The regents also approved of the disestablishment of UA’s Bachelor of Science in Education in special education and rehabilitation. The UA introduced three new Bachelor of Science in Education degrees last semester, splitting the former program into more focused Deaf studies, mild-moderate disabilities and rehabilitation studies service programs to better serve students.
To ensure UA’s veterinary medical program becomes fully accredited, the regents voted to create a College of Veterinary Medicine at the UA, effective next academic year. The new college will be Arizona’s first publicly accredited veterinary school.
Five UA professors awarded honorary title
The regents voted to award five professors, recommended by fellow faculty and nominated by the UA, with the honorary title of regents' professor. Less than three percent of tenured Arizona professors receive this distinction.
UA’s new regents professors are Alfred McEwen from the Lunar and Planetary Laboratory, John Rutherfoord from the Department of Physics, Dr. Marvin Slepian from the College of Medicine, Lucy Ziurys from the Department of Chemistry and Biochemistry and Rod Wing from the School of Plant Sciences.
Check back with the Daily Wildcat next week to read a profiles highlighting each of these professor’s unique contribution to the UA through their scientific research and teaching.
Universities update lobbying strategy for State Capitol
During a meeting last semester, the regents released a report that showed Arizona's public universities contribute over $11 billion to the state economy. The regents cited the report a number of times during a discussion of the development and industry partnerships of UA's new Phoenix Biomedical campus.
Brittney Kaufmann is associate vice president of government affairs and community relations for the regents on board's legislative agenda, which includes a proposal to increase state funding to Arizona universities to cover 50 percent of Arizonan's undergraduate tuition.
Kaufmann briefed the regents on a number of student tuition waiver mandates from the state legislature. While the regents support these tuition waivers, they have asked the state legislature to provide funding for these mandates. While some of these mandates have received funding this year, a proposal to waive tuition for foster care residents has not, according to Kaufmann.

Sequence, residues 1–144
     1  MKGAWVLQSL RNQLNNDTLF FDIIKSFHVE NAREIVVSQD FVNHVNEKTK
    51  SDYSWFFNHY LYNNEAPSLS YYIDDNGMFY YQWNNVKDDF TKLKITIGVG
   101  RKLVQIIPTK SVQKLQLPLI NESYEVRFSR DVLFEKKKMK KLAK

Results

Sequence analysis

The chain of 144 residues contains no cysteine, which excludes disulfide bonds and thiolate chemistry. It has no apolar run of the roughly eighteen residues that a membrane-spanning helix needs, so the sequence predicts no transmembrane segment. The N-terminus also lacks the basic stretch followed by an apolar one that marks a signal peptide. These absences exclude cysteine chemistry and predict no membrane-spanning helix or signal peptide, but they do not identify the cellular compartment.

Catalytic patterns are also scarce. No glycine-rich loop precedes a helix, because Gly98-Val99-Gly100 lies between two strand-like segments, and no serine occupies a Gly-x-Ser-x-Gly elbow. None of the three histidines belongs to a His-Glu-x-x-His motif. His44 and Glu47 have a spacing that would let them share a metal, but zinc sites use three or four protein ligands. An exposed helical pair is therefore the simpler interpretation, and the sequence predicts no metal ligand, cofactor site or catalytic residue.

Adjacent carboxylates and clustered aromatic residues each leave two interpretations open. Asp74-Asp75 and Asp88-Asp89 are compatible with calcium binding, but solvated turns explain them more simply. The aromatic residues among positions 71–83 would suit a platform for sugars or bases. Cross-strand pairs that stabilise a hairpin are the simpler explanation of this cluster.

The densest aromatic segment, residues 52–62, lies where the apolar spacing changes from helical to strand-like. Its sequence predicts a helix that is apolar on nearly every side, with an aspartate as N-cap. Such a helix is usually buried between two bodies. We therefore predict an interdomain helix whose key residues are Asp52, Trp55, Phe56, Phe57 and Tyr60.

The regents voted to oppose Arizona House Bill 2677, which would provide new powers to Arizona's Auditor General, which the regents are concerned will detrimentally politicize the office.
Regents propose changes to admissions requirements and pension policies
The regents voted to update undergraduate admission requirements for Arizona’s public universities.
The changes, requested by the College Board, adjusts the necessary SAT scores high school students must attain in order to offset any deficiencies in high school credit hours.
The regents also reviewed a proposal to facilitate the implementation of the new university police department public safety personnel pension system. The proposal would bring the universities into accordance with new Arizona law.
The regents voted to amend their cash balance pension plan, which provides compensation to the universities’ presidents, to bring it in line with new regent contracts and increase the number of ABOR leaders who must approve compensation.
On April 12, the regents will hear an update on the implementation of UA’s Strategic Plan, which they approved last semester, from Health Sciences.
Check back to the Daily Wildcat for more coverage of the regents and the UA.